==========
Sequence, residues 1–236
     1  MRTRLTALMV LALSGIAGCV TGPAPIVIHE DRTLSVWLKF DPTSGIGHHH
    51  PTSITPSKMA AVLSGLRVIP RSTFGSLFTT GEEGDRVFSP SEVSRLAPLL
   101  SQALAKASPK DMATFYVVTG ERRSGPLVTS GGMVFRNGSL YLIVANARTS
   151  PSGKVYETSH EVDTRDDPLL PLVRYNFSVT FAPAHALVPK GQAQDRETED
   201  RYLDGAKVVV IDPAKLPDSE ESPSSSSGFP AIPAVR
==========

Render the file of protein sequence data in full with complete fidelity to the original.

Sequence, residues 1–236
     1  MRTRLTALMV LALSGIAGCV TGPAPIVIHE DRTLSVWLKF DPTSGIGHHH
    51  PTSITPSKMA AVLSGLRVIP RSTFGSLFTT GEEGDRVFSP SEVSRLAPLL
   101  SQALAKASPK DMATFYVVTG ERRSGPLVTS GGMVFRNGSL YLIVANARTS
   151  PSGKVYETSH EVDTRDDPLL PLVRYNFSVT FAPAHALVPK GQAQDRETED
   201  RYLDGAKVVV IDPAKLPDSE ESPSSSSGFP AIPAVR